Late last March approximately sixty plus of the seventy plus PCVs currently in-country in Sierra Leone were sent home from Freetown by the Peace Corps Office of the Inspector General for smoking marijuana in-country.
Much of the information I have received is from two Sierra Leone RPCVs currently back in-country visiting their host county.
A group of approximately 15 PCVs were partying on Bureh Beach outside of Freetown and were smoking pot, at least according to a woman working for the U.S. Embassy. She reported the PCVs to Peace Corps Washington and they sent an agent out from the Peace Corps Inspector General Office to investigate.
According to the RPCV, who served in the early days in Sierra Leone and were in Freetown, this IG agent, demanded that all the PCVs, approximately 74, come to Freetown by the next day. Of course, given their remote locations and limited transportation, most PCVs couldn’t reach Freetown in one or two days.The IG agent, never having been a PCV, or lived in Africa, didn’t understand this.
Once they arrived in Freetown, an RPCV friend told me, “This IG agent threatened and intimidated all of them. The PCVs were given two choices – either leave the country in 7 days or face prosecution back in the States. One Volunteer asked if he could have a lawyer present and was told he couldn’t. The IG agent posted photos of all the PCVs in-country and integrated the Volunteers, demanding that they tell him the names of any Volunteers in the country who did smoked marijuana.”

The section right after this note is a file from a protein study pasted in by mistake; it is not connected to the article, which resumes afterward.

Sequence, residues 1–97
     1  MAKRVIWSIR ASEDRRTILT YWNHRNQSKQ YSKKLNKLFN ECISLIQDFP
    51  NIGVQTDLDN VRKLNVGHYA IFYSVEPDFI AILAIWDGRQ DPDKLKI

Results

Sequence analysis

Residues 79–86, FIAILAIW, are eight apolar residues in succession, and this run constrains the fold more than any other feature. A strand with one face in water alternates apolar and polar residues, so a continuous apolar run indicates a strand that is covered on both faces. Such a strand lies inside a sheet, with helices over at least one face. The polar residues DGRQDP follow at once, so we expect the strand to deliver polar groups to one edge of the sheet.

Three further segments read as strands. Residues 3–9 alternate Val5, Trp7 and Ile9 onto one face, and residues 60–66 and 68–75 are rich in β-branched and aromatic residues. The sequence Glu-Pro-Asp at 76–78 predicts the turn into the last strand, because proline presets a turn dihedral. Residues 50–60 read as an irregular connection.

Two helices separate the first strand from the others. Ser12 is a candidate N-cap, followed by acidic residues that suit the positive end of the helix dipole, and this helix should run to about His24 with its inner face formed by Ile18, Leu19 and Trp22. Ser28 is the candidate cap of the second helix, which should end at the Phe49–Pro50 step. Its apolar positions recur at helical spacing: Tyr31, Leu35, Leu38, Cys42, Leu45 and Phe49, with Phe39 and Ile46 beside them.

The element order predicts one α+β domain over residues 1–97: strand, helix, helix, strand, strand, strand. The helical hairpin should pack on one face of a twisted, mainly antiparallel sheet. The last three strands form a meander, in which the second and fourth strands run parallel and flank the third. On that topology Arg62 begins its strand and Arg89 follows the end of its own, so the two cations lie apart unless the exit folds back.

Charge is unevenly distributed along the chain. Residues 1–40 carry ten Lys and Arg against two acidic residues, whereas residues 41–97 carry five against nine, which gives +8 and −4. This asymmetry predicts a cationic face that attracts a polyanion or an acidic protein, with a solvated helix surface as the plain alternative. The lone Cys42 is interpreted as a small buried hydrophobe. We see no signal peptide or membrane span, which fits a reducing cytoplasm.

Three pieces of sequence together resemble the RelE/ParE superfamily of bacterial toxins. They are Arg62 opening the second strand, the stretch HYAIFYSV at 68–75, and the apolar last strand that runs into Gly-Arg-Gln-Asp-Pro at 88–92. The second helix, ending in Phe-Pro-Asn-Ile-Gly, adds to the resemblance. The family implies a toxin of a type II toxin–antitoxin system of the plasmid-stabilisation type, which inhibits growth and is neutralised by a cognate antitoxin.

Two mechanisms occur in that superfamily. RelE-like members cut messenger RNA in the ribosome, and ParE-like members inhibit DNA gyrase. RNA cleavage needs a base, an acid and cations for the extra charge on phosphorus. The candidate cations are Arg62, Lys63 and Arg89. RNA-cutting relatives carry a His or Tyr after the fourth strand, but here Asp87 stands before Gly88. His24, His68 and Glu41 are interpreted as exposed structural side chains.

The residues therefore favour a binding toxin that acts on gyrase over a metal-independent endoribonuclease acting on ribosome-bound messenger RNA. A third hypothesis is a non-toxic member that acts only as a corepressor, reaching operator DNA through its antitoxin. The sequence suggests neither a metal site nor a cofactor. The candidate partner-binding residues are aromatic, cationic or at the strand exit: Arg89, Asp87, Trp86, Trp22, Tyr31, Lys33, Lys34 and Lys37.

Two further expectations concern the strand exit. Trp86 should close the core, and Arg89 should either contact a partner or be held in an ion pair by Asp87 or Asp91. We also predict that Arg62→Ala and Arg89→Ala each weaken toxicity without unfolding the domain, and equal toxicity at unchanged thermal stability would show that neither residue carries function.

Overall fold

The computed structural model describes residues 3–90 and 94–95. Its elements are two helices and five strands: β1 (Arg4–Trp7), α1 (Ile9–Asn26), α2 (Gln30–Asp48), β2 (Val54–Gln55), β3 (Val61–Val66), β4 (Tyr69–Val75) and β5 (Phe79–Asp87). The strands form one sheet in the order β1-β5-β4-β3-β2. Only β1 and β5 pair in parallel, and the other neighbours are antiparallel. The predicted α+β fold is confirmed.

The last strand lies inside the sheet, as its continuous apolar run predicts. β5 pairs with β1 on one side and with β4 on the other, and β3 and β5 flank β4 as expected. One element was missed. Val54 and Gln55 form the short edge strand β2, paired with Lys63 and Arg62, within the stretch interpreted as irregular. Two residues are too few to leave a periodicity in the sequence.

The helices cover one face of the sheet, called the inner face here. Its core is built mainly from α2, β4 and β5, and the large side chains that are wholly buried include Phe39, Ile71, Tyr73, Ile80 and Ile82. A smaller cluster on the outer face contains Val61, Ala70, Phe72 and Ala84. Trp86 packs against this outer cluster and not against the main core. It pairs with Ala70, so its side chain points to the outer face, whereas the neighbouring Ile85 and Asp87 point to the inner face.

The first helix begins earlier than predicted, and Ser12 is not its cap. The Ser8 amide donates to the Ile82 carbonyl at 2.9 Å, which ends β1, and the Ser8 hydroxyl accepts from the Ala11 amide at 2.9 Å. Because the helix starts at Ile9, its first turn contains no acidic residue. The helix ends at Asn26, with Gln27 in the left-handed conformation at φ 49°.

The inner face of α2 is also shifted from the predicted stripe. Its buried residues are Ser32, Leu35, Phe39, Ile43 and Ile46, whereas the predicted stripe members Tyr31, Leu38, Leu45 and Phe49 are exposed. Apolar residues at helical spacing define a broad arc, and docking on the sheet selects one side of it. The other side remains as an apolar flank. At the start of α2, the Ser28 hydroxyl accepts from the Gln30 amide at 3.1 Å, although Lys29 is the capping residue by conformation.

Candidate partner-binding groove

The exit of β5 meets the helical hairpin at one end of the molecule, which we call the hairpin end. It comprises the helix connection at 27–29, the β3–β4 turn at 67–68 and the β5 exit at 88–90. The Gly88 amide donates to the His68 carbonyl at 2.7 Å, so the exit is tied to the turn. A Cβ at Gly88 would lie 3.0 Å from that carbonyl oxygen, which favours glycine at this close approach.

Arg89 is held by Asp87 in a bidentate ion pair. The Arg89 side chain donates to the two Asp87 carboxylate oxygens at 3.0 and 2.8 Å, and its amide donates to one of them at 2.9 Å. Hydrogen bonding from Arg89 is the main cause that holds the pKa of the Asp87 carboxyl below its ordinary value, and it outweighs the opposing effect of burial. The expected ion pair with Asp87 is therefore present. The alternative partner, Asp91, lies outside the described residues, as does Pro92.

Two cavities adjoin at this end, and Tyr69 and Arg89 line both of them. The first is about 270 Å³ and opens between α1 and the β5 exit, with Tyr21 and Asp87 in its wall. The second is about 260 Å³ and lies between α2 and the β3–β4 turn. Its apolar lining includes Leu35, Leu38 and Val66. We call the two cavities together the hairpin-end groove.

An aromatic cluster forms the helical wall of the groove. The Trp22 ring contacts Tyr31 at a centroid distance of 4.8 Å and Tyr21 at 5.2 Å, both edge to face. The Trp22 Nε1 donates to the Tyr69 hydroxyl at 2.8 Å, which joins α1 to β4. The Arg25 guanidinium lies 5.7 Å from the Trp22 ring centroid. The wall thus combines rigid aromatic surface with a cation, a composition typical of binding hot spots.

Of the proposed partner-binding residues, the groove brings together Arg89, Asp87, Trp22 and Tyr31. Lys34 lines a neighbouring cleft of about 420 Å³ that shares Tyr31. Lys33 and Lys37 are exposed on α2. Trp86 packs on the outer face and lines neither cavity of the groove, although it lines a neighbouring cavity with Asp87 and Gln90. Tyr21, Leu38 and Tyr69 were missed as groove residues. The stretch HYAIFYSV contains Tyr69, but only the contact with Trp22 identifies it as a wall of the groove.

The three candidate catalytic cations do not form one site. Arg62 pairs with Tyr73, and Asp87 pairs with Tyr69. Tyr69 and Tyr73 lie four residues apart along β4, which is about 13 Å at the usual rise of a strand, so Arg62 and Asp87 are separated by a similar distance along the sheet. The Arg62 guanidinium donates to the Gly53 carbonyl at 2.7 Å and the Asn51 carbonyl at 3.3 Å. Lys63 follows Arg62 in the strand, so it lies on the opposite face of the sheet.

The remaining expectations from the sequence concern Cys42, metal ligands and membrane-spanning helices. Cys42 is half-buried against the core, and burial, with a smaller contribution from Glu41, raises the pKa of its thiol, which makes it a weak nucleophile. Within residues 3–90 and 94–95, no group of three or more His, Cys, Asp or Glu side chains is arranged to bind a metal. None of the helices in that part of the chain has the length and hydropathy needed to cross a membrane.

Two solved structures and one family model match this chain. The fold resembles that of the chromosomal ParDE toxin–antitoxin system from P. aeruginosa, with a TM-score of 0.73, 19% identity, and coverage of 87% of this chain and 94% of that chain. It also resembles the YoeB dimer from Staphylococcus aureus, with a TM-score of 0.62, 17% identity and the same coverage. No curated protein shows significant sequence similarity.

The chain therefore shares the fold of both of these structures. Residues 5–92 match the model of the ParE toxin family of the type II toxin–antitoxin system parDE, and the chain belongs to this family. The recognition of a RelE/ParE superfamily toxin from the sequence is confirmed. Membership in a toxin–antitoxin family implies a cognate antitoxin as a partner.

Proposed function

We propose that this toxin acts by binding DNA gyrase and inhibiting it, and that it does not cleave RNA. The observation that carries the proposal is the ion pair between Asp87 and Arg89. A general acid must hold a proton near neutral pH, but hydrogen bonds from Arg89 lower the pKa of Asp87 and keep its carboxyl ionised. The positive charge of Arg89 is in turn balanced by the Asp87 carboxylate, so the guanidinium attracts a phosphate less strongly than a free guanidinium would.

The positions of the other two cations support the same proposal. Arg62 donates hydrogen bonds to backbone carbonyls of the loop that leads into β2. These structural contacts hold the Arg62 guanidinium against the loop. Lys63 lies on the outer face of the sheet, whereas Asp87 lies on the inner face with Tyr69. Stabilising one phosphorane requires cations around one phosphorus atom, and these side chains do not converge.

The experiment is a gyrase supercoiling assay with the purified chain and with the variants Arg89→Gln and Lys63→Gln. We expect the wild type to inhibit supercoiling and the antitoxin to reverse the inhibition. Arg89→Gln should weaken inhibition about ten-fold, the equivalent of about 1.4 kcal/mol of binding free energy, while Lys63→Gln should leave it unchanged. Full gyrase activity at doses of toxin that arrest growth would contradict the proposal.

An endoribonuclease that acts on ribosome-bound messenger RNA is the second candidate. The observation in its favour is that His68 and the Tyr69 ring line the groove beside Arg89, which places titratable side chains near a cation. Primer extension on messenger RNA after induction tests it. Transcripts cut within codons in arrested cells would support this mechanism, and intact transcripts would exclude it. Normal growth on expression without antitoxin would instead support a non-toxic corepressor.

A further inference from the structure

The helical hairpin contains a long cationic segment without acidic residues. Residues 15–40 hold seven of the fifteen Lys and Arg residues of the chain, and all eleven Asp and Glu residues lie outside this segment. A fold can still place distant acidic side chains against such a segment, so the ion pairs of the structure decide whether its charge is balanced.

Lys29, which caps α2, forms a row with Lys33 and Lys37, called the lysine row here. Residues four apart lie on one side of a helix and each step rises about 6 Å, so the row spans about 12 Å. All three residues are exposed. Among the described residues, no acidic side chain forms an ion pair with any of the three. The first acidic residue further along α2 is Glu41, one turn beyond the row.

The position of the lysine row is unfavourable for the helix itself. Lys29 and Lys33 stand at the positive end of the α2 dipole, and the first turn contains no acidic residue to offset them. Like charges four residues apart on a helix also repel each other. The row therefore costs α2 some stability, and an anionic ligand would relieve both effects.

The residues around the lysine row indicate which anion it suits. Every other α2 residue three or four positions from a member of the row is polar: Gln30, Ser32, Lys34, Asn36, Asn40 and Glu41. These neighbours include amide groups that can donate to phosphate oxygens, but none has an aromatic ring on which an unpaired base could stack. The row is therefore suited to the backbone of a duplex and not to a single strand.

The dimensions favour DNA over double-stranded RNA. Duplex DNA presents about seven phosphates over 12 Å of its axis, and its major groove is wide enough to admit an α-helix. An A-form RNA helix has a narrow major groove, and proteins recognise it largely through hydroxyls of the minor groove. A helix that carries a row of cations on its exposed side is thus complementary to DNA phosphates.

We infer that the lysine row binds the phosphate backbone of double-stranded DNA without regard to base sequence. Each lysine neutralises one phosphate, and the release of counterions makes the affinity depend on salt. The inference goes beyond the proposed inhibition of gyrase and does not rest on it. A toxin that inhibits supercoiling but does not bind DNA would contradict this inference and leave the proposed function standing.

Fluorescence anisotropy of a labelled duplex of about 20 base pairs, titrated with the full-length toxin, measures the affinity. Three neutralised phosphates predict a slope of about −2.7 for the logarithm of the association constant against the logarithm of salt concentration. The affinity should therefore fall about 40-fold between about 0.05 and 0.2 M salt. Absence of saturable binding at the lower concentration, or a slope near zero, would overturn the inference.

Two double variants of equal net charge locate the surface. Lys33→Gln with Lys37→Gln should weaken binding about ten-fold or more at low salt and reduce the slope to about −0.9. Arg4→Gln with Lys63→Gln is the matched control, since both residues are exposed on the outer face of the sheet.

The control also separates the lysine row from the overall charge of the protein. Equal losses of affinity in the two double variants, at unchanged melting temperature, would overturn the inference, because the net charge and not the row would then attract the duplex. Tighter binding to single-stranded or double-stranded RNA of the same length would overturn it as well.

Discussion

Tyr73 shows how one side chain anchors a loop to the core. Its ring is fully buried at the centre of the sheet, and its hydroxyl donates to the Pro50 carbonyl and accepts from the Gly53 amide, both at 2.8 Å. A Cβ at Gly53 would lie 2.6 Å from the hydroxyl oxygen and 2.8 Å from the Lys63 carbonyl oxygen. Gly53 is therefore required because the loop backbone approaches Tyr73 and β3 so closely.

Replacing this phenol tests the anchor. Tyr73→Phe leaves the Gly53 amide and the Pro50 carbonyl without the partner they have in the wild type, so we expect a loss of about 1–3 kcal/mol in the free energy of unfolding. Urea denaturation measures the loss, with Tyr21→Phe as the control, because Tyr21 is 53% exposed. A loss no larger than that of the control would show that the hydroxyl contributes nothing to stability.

As another Sierra Leone RPCV told me by email, “John, what happened in Sierra Leone really sucks. I think the IG person should be reprimanded or sacked for the way he handled this situation. His behavior was reminiscent of Gestapo or KGB techniques. Sarge must be spinning in his grave.”
I am also told—by Sierra Leone PCVs– that Country Director Penny Alexander, while not an RPCV, was nevertheless supportive of the PCVs being interrogated by the IG official. She was, however, unable to control his behavior and stop his method of integration. A real Nazi type, I guess.
The current number of PCVs in Sierra Leone now is approximately 15.The next group of Trainees arrive this coming June.
Times are changing. When I was a PCV in Ethiopia we had a good Volunteer sent home because he was a homosexual and that turned up on his FBI check. (All Volunteers were investigated by the FBI, back in the day.)
Just a few years ago, Peace Corps Director Carrie Hessler Radelet (Western Samoa 1981-83) sent a warm welcoming letter to all the new gay PCVs who were joining the Peace Corps as couples and going off to serve overseas. Today we have eleven states where marijuana is legal. But not yet at the federal government level.
Here’s another IG story, unrelated to Sierra Leone, or the current Inspector General, Kathy Buller. Back when I was the Manager of the New York Peace Corps Recruitment Office, another woman Inspector General was pursuing her own staff, taking them up to the top storage room of the Peace Corps Building in Washington and “having her way” with them.
I am not sure how many agents were involved, but one mild mannered bureaucrat resisted her charms and protested her sexual advances and filed a law suit against the woman. She was found guilty, the employee got a huge chunk of money, and retired from the government, moving his wife and himself out of D.C. and to the Wild West, getting away from the women of Washington.
I was also told later by “people in the know” that the Inspector General had a ‘drinking problem” that resulted in such behavior of a federal official. Didn’t Nixon also have a drinking problem? And, I guess, the IG agent who went to Freetown to interrogate the PCVs just has a personality problem.
Welcome to the Peace Corps.